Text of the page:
The maternally transmitted α-proteobacterium Wolbachia pipientis is commonly known as a “reproductive parasite” of arthropods and mainly insects where it has been estimated that about 76% of the species can harbour the symbiont. Although the infection is usually pervasive in populations, it was argued that vertical transmission alone does not explain the large distribution of the bacterium among arthropods. Hence, horizontal transmission was assumed as a possible mechanism promoting the spread of the symbiont among taxa of related organisms, as well as among those showing close relationships, like prey-predator, parasite-host, and parasitoid-hosts, or among species of herbivorous insects that acquire Wolbachia by ingesting tissues of the host plants contaminated with the bacteria. In this case the transmission route of the bacterium resembles that of plant pathogens. In insects, Wolbachia is able to induce feminization of the host genotypic males, parthenogenesis, male killing and cytoplasmic incompatibility: these modifications of the host breed impart a selective advantage which allows Wolbachia to spread efficiently into the host populations. On the other side, several cases of positive effects induced by Wolbachia in the host fitness have been described, including protection against viruses, thus conferring evolutionary/adaptive advantages to the host. If generalized, the antiviral protection associated with Wolbachia infection might be exploited in future strategies to reduce insect-transmitted diseases. Besides viruses, this protection has been well documented for protozoans, filarial nematodes, as well as some bacterial species. In addition, mutual exclusion or competition between Wolbachia and other endocellular symbionts has been suggested. Here we provide evidences on a natural Wolbachia infection in a phytophagous insect species where the symbiont induces feminization of genetical males and mutual exclusion of endosymbiotic plant pathogens that have been detected in the uninfected populations. The exploitation of Wolbachia as a biocontrol agent preventing plant pathogens spreading is discussed.

Negri, I., Mazzoglio Peter, J., Papa, G., Wolbachia and plant pathogen mutual exclusion: a case study, Comunicazione, in Abstract ECE - XI European Congress of Entomology, (Napoli, 2020-03-02), University of Naples “Federico II”, Napoli 2018: 148-148 [http://hdl.handle.net/10807/149192]

Wolbachia and plant pathogen mutual exclusion: a case study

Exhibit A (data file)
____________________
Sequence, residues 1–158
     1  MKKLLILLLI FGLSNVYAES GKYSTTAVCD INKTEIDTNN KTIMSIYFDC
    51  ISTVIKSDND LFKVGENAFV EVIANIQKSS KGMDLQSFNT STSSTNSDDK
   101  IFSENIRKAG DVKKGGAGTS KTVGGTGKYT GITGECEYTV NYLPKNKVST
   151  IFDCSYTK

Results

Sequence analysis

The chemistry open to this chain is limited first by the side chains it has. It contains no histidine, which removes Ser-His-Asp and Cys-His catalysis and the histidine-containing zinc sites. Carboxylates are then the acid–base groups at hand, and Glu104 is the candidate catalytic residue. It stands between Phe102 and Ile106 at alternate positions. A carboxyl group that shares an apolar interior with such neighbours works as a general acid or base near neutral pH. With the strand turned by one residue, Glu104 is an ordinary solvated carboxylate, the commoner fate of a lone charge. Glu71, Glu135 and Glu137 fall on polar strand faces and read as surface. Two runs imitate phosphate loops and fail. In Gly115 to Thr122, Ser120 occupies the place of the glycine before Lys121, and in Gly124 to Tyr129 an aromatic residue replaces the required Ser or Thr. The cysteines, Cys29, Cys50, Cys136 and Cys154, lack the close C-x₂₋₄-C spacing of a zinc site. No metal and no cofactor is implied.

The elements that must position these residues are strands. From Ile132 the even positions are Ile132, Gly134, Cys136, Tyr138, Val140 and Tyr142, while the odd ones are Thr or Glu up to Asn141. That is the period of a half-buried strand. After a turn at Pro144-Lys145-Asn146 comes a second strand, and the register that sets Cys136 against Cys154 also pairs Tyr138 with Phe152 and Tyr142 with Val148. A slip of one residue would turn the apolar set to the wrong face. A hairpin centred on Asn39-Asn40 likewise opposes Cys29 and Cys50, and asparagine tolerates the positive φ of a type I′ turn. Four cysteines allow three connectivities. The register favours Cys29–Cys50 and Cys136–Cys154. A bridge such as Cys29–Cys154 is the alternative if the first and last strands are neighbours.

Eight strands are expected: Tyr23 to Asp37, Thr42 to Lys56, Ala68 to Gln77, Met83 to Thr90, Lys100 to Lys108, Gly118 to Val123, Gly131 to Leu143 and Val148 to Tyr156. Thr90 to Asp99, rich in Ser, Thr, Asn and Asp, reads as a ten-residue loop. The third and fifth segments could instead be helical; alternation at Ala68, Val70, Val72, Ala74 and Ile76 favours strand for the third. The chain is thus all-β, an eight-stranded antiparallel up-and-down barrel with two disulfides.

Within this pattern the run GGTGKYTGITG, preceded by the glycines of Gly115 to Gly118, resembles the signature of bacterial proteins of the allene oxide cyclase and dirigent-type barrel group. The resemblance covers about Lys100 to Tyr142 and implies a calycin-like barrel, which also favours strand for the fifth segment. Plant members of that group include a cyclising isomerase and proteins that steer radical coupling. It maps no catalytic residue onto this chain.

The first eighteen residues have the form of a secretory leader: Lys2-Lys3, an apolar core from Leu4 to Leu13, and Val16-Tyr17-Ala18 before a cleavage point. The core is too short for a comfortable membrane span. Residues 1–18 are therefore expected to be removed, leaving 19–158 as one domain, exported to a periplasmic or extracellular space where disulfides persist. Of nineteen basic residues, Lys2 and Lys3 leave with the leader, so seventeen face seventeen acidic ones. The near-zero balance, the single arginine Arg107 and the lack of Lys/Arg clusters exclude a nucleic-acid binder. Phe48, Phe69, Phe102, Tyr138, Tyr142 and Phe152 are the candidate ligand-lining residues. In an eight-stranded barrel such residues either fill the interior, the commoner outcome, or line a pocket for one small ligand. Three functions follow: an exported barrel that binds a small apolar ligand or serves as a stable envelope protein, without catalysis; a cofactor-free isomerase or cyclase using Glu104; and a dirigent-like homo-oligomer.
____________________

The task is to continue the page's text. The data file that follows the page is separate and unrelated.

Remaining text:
Negri, Ilaria
Primo
;
Papa, Giulia
Ultimo
2018

Abstract

The maternally transmitted α-proteobacterium Wolbachia pipientis is commonly known as a “reproductive parasite” of arthropods and mainly insects where it has been estimated that about 76% of the species can harbour the symbiont. Although the infection is usually pervasive in populations, it was argued that vertical transmission alone does not explain the large distribution of the bacterium among arthropods. Hence, horizontal transmission was assumed as a possible mechanism promoting the spread of the symbiont among taxa of related organisms, as well as among those showing close relationships, like prey-predator, parasite-host, and parasitoid-hosts, or among species of herbivorous insects that acquire Wolbachia by ingesting tissues of the host plants contaminated with the bacteria. In this case the transmission route of the bacterium resembles that of plant pathogens. In insects, Wolbachia is able to induce feminization of the host genotypic males, parthenogenesis, male killing and cytoplasmic incompatibility: these modifications of the host breed impart a selective advantage which allows Wolbachia to spread efficiently into the host populations. On the other side, several cases of positive effects induced by Wolbachia in the host fitness have been described, including protection against viruses, thus conferring evolutionary/adaptive advantages to the host. If generalized, the antiviral protection associated with Wolbachia infection might be exploited in future strategies to reduce insect-transmitted diseases. Besides viruses, this protection has been well documented for protozoans, filarial nematodes, as well as some bacterial species. In addition, mutual exclusion or competition between Wolbachia and other endocellular symbionts has been suggested. Here we provide evidences on a natural Wolbachia infection in a phytophagous insect species where the symbiont induces feminization of genetical males and mutual exclusion of endosymbiotic plant pathogens that have been detected in the uninfected populations. The exploitation of Wolbachia as a biocontrol agent preventing plant pathogens spreading is discussed.
Inglese
Abstract ECE - XI European Congress of Entomology
XI European Congress of Entomology
Napoli
Comunicazione
2-mar-2020
6-lug-2018
University of Naples “Federico II”
Negri, I., Mazzoglio Peter, J., Papa, G., Wolbachia and plant pathogen mutual exclusion: a case study, Comunicazione, in Abstract ECE - XI European Congress of Entomology, (Napoli, 2020-03-02), University of Naples “Federico II”, Napoli 2018: 148-148 [http://hdl.handle.net/10807/149192]
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Utilizza questo identificativo per citare o creare un link a questo documento: https://hdl.handle.net/10807/149192
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